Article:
Samsung has been steadily setting the bar ever higher with each flagship released, and the massive success of the Samsung Galaxy S III and its predecessor, the S II, have catapulted it to the top of the smartphone food chain. And, as is expected in the aftermath of such success, the Koreans are looking to capitalize on the name put up by their top models. Enter the Samsung Galaxy S II Plus.
A quick glance at the spec sheet may leave you scratching your head, especially if you're looking at the original S II and the sequel side-by-side. The Plus version got the same dimensions, display, camera, RAM and battery, and the processor is still a 1.2 GHz dual-core. It even has less internal storage than the original. So how, if at all, is it better? Before we get into what sets the S II Plus apart, let's take a quick look at the pros and cons:
The spec sheet is a far cry from what we've been treated to lately - there're no 1080p displays or quad-core CPUs here. Seeing almost no effort to build on the last generations' flagship, it becomes clear that the idea behind the Galaxy S II Plus is not to impress you with hardware, but instead the software that runs on it.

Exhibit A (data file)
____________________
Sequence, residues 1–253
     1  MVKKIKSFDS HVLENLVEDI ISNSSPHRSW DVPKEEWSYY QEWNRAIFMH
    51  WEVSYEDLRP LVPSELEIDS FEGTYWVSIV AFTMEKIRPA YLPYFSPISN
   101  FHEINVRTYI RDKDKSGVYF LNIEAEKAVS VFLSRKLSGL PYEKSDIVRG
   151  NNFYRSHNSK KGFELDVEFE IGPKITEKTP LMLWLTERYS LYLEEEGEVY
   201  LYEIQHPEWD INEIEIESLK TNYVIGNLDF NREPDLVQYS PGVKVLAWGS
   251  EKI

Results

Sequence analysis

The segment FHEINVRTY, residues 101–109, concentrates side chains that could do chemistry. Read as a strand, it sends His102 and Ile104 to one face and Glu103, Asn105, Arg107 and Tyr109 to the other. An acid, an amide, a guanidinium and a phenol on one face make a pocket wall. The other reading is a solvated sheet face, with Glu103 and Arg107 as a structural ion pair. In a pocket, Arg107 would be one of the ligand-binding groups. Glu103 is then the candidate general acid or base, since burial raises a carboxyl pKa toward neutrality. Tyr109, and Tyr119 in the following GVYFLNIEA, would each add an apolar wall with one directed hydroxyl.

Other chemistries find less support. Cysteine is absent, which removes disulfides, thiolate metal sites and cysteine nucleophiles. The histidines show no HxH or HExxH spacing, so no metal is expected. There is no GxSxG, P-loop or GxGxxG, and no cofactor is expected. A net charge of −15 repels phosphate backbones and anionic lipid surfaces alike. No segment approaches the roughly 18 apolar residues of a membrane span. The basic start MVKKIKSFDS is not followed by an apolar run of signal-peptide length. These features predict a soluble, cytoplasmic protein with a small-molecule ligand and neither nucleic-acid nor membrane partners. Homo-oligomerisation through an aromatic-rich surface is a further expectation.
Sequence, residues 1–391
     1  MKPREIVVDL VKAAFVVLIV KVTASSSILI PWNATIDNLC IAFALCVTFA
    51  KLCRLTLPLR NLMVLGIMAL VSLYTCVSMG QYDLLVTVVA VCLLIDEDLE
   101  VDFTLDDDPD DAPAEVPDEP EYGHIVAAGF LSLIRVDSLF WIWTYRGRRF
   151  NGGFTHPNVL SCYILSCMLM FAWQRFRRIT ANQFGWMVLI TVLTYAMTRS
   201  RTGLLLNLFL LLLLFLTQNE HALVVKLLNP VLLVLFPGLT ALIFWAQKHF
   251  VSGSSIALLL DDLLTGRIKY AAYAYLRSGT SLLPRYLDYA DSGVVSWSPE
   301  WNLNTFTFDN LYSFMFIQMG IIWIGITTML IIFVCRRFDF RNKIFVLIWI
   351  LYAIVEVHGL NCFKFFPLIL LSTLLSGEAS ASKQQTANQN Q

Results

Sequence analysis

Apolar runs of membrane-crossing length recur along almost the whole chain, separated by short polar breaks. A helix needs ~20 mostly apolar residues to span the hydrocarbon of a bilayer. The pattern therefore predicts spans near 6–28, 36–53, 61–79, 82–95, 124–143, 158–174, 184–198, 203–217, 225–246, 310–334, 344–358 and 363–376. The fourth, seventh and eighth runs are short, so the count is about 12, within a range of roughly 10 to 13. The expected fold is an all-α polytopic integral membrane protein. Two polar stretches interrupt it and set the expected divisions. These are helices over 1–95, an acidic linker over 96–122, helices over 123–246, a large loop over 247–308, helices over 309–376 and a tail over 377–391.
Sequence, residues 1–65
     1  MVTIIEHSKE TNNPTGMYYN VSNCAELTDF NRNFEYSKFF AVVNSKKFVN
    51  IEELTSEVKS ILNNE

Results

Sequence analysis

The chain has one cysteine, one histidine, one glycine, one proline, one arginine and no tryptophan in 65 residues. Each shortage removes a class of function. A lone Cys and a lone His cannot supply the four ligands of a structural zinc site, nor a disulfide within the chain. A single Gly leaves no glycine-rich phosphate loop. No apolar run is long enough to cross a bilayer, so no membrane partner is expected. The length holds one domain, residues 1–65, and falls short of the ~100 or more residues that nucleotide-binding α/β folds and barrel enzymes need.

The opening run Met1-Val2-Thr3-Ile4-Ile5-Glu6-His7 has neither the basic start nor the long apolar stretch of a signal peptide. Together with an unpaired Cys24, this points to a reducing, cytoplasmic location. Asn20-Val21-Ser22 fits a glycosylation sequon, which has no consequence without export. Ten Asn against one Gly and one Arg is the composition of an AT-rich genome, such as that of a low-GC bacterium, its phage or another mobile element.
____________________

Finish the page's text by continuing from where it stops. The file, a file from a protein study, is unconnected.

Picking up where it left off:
Samsung has arguably been able to implement the most feature-rich iteration of Jelly Bean so far, and with the official Jelly Bean release for the original Galaxy S II still available in very few markets, the Galaxy S II Plus aims to give you what's probably the most compelling smartphone experience in the midrange.
All that being said, not everything under the hood is the same. The new Broadcom chip inside will undoubtedly put up some different benchmark figures, and may even help lower production costs so Samsung might even deliver the Galaxy S II Plus at a lower cost than the original.
On the following page, we'll begin with our usual hardware tour of the Galaxy S II Plus, including the new finish.